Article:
“Yes, it is true, that my son was technically still married. His wife was set aside. The marriage was over. He was an unhappy man, who found happiness in the love of a good woman. In that, I cannot blame either. Our laws and our customs are hard on lovers. When his wife died, he observed the formalities of mourning. He regretted her death, bitterly. But it cannot be denied that it freed him of a burden and allowed him to make right the wrong he had done by making Rika his lover against the customs of our society. He was free to marry Rika, and they have both been very happy since. At least until today. Would you now deny them that happiness?”

“I cannot…” Mrs Desau was clearly uncertain. “He used our daughter… How can we be sure that he means to do right by her? He set aside one wife. What is to stop him doing the same again? When he tires of her…”

“Have some more tea,” Aineytta replied, pouring another cup. “You live on Polafrey, I understand. You don’t know much about the affairs of Gallifreyan society?”

“We work hard. We make an honest living,” said Mr Desau. “We have never asked for more. We haven’t sought ways of ‘bettering’ ourselves. I am foreman of the night shift in the northern sector mine. My wife works in the hospital. Rika never liked living in the habitat. We had no objection to her working in service here on Gallifrey. She simply wanted to live in the countryside. But we expected her to be safe.”

“She will be safe,” Aineytta assured him. “She will be the wife of a good man, with prospects. She will want for nothing.”

“Except friends,” Mrs Desau answered her. “Can you honestly say that the high born ladies of Gallifrey treated you well when you married your Lordship?”

“They did not,” Aineytta replied honestly. “Many of them were very rude to me. I expected that. But I made enough friends to disregard the others. Rika has friends already. She is a charming young woman and there are plenty who have learnt to accept her. Including… I should not say this. It has not yet been confirmed, let alone formally announced. But Remonte has been asked to take up the post of consul at the Embassy of Ventura IV. The Ambassador’s wife was so taken with Rika when they visited, that the Ambassador himself asked him to take the vacant position. Rika will be the honoured wife of a diplomat, and on Ventura there is no caste system such as we have here. She will be treated as a Lady, as she deserves to be.”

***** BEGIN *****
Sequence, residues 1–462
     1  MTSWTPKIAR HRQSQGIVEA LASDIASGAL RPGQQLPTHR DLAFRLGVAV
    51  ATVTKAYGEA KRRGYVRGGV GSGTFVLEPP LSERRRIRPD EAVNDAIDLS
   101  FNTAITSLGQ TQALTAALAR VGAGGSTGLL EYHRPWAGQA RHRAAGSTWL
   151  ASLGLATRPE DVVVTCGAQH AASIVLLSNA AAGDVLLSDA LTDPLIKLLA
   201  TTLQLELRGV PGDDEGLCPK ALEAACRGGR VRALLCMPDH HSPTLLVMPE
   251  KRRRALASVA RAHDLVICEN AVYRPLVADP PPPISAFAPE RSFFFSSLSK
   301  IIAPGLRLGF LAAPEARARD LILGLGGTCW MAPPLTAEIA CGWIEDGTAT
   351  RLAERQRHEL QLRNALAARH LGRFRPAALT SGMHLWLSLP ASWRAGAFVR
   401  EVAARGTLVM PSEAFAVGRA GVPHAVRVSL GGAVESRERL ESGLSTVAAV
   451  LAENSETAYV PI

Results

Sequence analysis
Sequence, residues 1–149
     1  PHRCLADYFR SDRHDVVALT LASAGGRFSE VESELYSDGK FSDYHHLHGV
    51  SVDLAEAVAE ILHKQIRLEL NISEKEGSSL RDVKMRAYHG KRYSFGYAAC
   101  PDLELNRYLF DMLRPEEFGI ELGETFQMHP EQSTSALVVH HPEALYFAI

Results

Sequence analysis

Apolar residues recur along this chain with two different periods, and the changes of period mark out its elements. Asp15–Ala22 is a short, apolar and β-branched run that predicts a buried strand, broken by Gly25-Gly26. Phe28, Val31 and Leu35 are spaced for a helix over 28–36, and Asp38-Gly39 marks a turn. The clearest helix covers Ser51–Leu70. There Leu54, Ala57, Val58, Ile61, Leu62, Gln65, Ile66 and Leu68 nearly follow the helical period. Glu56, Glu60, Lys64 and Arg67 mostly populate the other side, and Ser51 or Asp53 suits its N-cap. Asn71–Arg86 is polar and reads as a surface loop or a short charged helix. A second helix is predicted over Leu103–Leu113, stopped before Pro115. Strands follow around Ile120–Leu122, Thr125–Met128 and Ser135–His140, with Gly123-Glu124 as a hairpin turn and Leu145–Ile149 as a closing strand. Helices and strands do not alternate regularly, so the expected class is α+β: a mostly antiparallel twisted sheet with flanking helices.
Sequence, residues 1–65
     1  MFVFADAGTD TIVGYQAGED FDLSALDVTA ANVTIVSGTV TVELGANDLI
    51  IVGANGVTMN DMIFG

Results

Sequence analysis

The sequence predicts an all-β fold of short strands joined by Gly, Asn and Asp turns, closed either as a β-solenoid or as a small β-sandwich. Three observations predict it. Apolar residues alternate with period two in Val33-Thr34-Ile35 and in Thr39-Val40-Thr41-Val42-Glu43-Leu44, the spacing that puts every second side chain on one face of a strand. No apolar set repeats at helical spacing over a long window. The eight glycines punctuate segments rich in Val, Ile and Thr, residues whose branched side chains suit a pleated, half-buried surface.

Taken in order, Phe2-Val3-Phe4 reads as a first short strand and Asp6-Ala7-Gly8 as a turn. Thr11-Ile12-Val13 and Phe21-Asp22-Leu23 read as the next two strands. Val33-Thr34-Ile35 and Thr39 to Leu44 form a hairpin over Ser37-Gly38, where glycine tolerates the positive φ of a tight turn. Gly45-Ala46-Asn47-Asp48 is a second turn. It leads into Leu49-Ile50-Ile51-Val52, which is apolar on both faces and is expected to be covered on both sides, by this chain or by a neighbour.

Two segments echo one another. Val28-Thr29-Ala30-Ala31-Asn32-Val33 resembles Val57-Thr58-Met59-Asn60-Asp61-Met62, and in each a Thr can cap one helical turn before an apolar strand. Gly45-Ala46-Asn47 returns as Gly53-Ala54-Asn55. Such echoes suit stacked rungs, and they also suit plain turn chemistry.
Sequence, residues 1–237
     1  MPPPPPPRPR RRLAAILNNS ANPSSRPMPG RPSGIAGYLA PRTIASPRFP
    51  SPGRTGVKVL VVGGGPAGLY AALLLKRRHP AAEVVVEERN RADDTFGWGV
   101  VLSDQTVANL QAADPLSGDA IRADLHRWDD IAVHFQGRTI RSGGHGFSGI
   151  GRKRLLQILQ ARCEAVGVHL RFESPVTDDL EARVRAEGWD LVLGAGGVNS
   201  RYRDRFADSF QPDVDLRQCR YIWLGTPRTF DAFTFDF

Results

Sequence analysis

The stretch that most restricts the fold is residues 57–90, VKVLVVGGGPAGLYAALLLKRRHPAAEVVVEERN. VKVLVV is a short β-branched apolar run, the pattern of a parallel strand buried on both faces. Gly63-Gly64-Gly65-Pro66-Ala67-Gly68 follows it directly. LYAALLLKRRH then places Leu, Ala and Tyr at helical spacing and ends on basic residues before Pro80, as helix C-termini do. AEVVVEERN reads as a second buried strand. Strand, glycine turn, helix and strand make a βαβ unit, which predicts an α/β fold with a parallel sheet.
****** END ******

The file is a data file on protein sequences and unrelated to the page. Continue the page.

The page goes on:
Madam Desau gave a soft sigh. Aineytta knew she had won half the battle. Yes, Mr and Mrs Desau were proud people. Living on Polafrey, where there were few Oldbloods, where even the Newblood managers of the mining corporations tended to be the younger sons who sought salaried employment, there was far less deference among Caretakers. They did their work well and earned a fair wage. They paid their bills, they saved a little money. They were independent people who were beholden to nobody. Mr and Mrs Desau were of that sort. A daughter in ‘service’ where she was expected to defer to rich people, her social superiors, rankled. And Remonte’s actions were difficult for them to accept. But Mrs Desau had been swayed by the idea of her daughter as the wife of a consul, travelling to a far distant planet where Gallifrey’s caste system was irrelevant.

Mr Desau was going to be much harder to convince.

“Why don’t you go and talk to Rika in the garden,” Aineytta said to Mrs Desau. “And ask my son to step back inside. There are things we should discuss with him.”

Mrs Desau set down her teacup and stood to do as Aineytta suggested. A few minutes later, Remonte came back inside alone. Outside, Aineytta noticed mother and daughter hugging. They at least were reconciled.

“Remonte,” Aineytta said in a cool voice. “I have said this to you before. Your father has spoken, too. But it should be resaid. You were wrong, very wrong, to commit an adulterous act while your marriage to Idell still stood. You were wrong to take advantage of a girl who was unable to refuse your advances.”

“Mama, I never took advantage. It was love… mutual love… Neither being a woman, or a Caretaker, made Rika’s part in this any less equal and consensual.”

“No, my son,” Aineytta said to him. “This is not the time for excuses, for justifying your actions. This is a time for begging forgiveness from those you wronged, and for asking their pardon.”

“Mama?” Remonte looked at his mother with puzzled eyes.

“This is Rika’s father, who you have wronged. You will beg his forgiveness for that wrong. On your knees.”

Remonte’s puzzlement deepened. So did his sense of indignation.

“You ARE an Oldblood son,” she reminded him. “And perhaps in some other House such a son would be too arrogant, too sure of his own superiority, to bow his head to one he considers below him. But in this House, MY son, should have no such notions. You have wronged this man. Now do what you know, in your own conscience, to be right. If you cannot, then you are not worthy to marry a sweet, blameless child like Rika.”